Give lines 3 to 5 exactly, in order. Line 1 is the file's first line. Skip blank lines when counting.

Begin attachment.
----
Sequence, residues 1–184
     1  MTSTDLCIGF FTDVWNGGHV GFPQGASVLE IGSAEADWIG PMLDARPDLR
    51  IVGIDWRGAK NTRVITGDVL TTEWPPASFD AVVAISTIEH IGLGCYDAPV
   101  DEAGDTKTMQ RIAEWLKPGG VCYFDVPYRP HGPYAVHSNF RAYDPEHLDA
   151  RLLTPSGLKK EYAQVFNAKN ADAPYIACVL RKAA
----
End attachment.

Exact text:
    51  IVGIDWRGAK NTRVITGDVL TTEWPPASFD AVVAISTIEH IGLGCYDAPV
   101  DEAGDTKTMQ RIAEWLKPGG VCYFDVPYRP HGPYAVHSNF RAYDPEHLDA
   151  RLLTPSGLKK EYAQVFNAKN ADAPYIACVL RKAA